Misunderstanding narcissism

Many times, people apply the term "narcissist" someone who thinks a lot of themselves. But clinically speaking, that is almost the complete opposite of what the term really means.

Narcissists are, in fact, people who think so little of themselves that all of their actions are directed towards the maintenance of that extremely fragile self-image. So, for instance, if someone tells me Donald Trump is a narcissist, I know they have no idea what they are talking about. Trump may perhaps be an egomaniac, but he is absolutely not a narcissist.


  1. Is that because he is singularly ineffective at it?

  2. Based on the clinical definition was Narcissus a Narcissist? He hid his fragile self-image quite well.

    1. Wrong: he fell in love with the reflection because he did not even recognize it as himself.

    2. This comment has been removed by the author.

  3. "Clinically speaking" (per the DSM-5) the diagnostic criteria for Narcissistic Personality Disorder are most or all of the following:

    1. Grandiosity with expectations of superior treatment from others
    2. Fixated on fantasies of power, success, intelligence, attractiveness, etc.
    3. Self-perception of being unique, superior and associated with high-status people and institutions
    4. Needing constant admiration from others
    5. Sense of entitlement to special treatment and to obedience from others
    6. Exploitative of others to achieve personal gain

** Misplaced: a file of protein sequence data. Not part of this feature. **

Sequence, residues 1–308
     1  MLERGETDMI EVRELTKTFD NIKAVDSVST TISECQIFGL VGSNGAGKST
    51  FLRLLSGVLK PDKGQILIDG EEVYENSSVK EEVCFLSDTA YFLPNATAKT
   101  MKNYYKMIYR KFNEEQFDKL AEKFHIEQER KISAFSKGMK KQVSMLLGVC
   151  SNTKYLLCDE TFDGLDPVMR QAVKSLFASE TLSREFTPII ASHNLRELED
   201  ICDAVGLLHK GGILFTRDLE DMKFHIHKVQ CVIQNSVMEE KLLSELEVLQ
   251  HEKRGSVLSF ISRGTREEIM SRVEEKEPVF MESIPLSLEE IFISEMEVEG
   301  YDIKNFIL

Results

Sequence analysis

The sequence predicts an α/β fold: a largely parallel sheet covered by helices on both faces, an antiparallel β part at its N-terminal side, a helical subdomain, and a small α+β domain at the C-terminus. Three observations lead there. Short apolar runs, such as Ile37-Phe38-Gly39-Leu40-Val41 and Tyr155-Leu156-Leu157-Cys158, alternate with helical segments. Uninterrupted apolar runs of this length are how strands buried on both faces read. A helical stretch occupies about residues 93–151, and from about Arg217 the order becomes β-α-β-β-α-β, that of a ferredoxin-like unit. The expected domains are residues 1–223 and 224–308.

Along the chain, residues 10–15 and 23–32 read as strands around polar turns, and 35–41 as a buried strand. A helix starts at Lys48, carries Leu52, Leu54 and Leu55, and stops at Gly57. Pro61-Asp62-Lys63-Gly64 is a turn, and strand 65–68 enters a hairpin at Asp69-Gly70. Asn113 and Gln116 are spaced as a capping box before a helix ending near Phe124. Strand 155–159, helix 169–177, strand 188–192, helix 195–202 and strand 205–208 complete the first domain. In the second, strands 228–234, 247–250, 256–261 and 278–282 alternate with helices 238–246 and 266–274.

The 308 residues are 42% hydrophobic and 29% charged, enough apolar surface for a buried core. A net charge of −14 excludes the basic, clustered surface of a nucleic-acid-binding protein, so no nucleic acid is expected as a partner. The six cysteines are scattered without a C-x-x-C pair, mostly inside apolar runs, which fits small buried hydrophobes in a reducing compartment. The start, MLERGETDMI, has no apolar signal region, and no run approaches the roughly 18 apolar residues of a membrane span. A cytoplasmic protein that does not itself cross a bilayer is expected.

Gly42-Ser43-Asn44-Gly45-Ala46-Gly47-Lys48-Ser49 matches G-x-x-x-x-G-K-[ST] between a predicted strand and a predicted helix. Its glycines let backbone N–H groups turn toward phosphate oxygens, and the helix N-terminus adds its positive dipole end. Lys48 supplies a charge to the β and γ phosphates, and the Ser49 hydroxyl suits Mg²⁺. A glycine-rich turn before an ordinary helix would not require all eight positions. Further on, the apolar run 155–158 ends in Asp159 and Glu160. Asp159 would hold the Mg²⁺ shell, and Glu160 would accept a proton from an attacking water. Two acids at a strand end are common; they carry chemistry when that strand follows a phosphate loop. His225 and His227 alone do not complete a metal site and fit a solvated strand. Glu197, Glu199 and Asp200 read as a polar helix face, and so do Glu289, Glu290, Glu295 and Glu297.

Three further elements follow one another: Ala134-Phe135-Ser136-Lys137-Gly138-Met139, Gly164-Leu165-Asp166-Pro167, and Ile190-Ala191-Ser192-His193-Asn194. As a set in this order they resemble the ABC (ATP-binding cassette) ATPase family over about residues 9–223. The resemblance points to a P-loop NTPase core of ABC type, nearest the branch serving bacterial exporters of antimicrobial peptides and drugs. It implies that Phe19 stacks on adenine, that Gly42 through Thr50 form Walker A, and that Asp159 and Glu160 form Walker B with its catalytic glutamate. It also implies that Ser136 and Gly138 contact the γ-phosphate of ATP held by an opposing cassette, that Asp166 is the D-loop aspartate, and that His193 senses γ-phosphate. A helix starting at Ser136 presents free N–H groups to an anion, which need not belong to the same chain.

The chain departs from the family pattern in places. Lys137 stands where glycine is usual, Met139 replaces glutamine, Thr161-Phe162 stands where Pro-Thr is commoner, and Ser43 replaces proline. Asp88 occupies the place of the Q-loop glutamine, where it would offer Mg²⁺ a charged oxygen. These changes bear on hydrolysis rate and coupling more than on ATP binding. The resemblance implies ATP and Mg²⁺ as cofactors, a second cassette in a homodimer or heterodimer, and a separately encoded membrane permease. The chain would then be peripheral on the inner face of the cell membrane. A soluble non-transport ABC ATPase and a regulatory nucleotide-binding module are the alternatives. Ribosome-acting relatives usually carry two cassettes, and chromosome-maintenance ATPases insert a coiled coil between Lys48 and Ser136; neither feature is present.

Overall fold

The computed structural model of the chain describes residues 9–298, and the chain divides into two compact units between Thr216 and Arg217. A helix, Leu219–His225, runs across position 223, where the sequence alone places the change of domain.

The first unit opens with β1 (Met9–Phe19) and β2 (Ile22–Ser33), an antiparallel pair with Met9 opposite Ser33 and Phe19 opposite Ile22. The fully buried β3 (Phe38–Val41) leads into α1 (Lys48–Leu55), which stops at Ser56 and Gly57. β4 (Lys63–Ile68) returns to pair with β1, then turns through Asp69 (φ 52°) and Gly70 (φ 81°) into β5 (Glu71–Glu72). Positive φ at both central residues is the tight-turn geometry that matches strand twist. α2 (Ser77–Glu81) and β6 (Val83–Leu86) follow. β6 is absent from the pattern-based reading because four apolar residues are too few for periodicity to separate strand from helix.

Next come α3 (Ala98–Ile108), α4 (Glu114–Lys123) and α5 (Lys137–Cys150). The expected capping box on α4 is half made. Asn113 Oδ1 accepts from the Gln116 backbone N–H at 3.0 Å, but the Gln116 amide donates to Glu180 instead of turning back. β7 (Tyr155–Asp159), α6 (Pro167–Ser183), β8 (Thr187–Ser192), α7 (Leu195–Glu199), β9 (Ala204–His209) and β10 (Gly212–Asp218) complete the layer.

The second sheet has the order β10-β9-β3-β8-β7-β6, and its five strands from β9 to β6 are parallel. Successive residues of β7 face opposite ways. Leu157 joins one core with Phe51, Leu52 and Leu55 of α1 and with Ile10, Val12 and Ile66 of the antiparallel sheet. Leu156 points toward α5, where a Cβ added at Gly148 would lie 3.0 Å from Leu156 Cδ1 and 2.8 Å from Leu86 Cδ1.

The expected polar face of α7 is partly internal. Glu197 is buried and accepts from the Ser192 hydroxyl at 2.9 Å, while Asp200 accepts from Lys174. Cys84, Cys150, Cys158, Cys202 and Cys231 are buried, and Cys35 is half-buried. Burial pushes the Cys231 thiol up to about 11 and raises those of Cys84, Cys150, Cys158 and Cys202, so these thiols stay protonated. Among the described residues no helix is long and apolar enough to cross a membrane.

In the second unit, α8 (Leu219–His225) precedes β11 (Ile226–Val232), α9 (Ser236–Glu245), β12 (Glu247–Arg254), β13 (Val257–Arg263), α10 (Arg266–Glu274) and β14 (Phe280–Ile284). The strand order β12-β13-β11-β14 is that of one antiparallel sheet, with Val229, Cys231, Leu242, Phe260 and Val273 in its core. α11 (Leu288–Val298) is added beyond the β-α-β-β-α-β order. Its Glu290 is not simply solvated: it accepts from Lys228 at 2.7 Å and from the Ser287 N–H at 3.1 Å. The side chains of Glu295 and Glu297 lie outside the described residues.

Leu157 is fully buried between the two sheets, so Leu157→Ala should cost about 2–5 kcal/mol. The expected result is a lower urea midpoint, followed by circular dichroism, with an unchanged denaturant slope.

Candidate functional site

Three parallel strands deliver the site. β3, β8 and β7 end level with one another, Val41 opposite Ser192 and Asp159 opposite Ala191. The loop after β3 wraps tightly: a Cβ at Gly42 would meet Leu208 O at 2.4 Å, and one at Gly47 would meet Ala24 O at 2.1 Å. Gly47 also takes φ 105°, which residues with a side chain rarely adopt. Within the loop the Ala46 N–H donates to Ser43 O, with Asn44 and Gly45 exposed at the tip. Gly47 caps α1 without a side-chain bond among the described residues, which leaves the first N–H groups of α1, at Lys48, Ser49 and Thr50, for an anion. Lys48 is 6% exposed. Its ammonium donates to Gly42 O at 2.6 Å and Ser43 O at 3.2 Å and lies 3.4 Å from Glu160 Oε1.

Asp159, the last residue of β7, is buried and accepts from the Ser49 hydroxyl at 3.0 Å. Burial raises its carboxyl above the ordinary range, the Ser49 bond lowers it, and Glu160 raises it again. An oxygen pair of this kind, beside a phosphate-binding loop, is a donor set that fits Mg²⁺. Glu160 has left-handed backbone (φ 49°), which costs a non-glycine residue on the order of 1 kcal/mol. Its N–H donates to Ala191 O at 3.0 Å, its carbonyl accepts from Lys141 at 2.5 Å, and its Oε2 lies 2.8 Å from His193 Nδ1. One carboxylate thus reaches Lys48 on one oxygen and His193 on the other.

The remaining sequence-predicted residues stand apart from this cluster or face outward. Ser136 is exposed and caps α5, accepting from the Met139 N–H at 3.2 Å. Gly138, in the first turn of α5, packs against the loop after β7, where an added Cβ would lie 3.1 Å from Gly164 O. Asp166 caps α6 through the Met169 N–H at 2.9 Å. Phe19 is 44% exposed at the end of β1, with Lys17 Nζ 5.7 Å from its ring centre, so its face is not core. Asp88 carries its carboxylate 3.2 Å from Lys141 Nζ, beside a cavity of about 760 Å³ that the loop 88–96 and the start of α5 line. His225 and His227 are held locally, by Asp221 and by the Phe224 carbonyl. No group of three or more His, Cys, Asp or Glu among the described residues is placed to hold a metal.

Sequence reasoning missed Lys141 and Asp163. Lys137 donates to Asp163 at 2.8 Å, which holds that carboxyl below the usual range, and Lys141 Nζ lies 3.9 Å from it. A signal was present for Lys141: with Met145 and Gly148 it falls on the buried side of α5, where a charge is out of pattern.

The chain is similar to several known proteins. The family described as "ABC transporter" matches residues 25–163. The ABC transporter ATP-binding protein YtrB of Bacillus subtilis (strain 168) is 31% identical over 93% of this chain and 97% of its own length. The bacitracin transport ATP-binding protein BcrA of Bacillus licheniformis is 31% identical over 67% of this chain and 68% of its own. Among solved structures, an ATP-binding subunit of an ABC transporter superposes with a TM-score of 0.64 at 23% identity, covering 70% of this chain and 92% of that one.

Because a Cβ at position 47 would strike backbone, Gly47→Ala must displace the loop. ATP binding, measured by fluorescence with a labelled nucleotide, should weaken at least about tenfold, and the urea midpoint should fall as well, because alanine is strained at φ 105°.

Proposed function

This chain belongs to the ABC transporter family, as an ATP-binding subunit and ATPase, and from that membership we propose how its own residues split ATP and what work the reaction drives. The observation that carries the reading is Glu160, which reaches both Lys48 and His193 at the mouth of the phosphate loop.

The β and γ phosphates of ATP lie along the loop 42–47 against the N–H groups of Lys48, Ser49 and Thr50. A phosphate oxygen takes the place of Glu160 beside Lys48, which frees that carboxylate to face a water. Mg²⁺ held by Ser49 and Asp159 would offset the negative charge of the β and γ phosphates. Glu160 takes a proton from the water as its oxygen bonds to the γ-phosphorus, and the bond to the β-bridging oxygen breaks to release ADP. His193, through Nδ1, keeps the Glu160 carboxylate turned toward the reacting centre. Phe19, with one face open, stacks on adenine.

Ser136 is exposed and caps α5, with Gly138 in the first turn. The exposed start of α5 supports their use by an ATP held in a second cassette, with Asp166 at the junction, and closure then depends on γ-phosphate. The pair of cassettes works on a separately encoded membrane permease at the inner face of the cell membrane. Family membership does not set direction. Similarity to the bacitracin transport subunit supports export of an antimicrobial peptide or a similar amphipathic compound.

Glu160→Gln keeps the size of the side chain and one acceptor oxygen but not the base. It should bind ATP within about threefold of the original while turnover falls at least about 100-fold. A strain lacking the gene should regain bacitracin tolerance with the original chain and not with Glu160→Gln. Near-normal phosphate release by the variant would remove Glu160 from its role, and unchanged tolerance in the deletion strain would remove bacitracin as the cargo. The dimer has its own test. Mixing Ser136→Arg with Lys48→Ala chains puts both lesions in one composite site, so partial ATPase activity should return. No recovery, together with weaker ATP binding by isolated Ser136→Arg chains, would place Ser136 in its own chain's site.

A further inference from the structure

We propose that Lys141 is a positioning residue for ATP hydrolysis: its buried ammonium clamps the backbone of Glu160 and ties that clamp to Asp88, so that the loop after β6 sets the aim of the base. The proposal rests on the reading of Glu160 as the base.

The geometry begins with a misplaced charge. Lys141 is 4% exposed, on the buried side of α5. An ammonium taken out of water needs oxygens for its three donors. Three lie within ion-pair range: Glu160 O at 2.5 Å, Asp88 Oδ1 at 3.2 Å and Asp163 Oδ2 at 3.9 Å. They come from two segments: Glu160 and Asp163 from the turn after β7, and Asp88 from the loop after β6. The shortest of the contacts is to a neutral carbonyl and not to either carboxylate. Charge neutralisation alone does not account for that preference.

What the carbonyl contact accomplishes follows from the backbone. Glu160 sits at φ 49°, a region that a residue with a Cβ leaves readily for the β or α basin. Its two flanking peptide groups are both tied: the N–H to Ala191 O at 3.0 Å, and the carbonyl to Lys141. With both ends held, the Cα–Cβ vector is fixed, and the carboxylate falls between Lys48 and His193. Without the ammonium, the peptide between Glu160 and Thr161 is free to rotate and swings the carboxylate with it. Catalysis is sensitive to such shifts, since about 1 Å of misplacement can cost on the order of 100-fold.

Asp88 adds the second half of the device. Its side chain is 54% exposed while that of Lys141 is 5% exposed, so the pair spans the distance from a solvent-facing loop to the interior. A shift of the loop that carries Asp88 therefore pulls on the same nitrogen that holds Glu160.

7. Unwilling to empathize with others' feelings, wishes, or needs
    8. Intensely envious of others and the belief that others are equally envious of them
    9. Pompous and arrogant demeanor

    Trump seems -- SEEMS -- to display each and every one of those qualities in abundance. But not being a psychologist or psychiatrist, and not having interviewed him in a clinical setting, I'm not qualified to diagnose him as what he seems to be, which is a "narcissist" in the "clinical" sense.

    1. No, not 7, according to those who know him.

    2. Well, I choose Freud over a hodge-podge chucked together by committee like DSM-5.

    3. I can dig that -- not a big fan of DSM myself. But it seems to me that most people would understand that to represent "clinically speaking" more so than Freud these days, is all.

    4. Well, considering that Trump seems to meet both the popular usage of narcissist and he also seems to meet every single criterion that modern psychiatry uses to define narcissistic personality disorder, I think it makes complete sense for people to call Trump a narcissist.


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